Meaning Behind The Proverb “Hope For The Best, Prepare For The Worst”

--Informant Info--
Nationality: American
Age: 67
Occupation: retired physician
Residence:
Date of Performance/Collection: 4/22/20
Primary Language: English
Other Language(s):

Main Piece: 

Original Proverb: “Hope for the best, prepare for the worst.” 

Meaning as told by my informant: 

“It’s honestly pretty self explanatory. It’s good to be an optimist… you should always root for what you want and have faith. However, you can’t be naive about it. You should always have some kind of plan B or safety net if things don’t go as planned. The idea of this line is that you have to balance those two things. Offence and defense. Feet on the ground, head in the clouds… dream big, but be okay if things don’t work out.” 

Background:

My informant is my father, who is a retired doctor. Although he was a surgeon, his work mainly consisted of him doing expert witness work in legal cases. He first heard this proverb while preparing for a case, and he still primarily associates the saying with attorneys. However, he believes it applies to all contexts of life. While he’s a big fan of proverbs and jokes in general, this one is likely his favorite. As his child, I can vouch that he says this all the time. 

Context: 

While I’m not in quarantine with my informant/father, I do call him every day, and this piece was collected during a routine call.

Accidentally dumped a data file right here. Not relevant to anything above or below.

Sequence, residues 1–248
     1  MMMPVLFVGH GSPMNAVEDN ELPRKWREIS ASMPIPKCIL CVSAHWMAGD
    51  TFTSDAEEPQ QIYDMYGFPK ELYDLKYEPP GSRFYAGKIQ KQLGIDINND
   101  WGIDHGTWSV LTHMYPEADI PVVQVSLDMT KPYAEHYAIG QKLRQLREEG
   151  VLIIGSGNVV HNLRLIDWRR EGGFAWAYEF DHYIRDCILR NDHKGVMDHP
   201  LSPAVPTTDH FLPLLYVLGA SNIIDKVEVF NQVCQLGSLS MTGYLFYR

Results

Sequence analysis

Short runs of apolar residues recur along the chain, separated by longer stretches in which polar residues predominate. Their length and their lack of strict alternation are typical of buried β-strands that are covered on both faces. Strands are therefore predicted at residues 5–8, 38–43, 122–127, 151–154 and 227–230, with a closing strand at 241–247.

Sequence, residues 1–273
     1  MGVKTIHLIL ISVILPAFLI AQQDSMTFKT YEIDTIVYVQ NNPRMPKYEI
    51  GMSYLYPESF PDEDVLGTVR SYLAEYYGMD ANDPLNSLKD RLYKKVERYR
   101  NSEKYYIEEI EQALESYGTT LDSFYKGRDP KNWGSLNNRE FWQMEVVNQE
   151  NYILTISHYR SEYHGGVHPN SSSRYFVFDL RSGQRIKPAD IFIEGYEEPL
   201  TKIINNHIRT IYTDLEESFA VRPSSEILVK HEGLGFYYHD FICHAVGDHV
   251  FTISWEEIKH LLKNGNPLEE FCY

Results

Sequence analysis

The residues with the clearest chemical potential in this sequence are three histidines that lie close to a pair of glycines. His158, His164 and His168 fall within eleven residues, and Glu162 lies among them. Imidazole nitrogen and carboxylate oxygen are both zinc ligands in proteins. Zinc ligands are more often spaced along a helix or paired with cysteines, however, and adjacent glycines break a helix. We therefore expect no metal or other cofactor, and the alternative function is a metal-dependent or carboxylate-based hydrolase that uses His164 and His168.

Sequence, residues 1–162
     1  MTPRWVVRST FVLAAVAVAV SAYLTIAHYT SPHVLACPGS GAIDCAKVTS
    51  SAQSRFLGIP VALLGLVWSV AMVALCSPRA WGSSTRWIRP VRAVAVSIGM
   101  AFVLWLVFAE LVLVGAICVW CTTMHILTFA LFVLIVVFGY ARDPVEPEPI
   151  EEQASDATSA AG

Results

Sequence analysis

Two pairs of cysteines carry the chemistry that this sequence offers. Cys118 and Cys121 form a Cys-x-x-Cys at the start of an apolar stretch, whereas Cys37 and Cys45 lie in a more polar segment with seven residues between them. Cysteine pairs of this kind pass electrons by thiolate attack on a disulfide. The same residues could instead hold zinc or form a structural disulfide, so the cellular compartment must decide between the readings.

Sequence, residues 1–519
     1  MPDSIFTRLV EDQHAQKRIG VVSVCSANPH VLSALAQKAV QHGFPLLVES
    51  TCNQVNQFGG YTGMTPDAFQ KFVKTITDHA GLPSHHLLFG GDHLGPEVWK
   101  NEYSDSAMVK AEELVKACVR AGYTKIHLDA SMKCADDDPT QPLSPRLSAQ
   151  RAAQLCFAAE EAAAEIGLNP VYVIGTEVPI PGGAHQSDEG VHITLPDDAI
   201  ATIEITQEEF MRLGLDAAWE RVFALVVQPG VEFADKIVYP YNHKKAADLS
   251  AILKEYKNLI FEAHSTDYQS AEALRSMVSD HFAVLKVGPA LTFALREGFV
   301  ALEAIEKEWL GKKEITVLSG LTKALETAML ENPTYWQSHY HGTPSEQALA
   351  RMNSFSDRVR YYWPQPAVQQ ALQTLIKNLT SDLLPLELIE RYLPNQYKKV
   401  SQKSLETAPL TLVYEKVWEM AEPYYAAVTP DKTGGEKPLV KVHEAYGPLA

Thoughts: 

To me, this proverb will always be my father’s best advice. Having been involved in the performing arts since a young age, I have countless distinct memories of my father reciting this proverb to me as he picked me up from auditions. He said it before I opened every college admission letter. No matter what I was doing, I could always count on him telling me to “hope for the best, prepare for the worst.” I don’t think of it as being optimistic or skeptical, it’s just real. One of the things I love about this proverb is that it can apply to not just any situation, but any culture. I briefly Googled this proverb after my interview, and found that there really is no origin to it. There are countless articles with countless nationalities. I think this saying speaks to the human experience in general: we’re all just trying to live life the best we can. We want to see the beauty in the world, but not be hurt by life’s struggles. It’s theater’s drama and comedy, or Chinese mythology’s Yin and Yang. We are all trying to find a balance.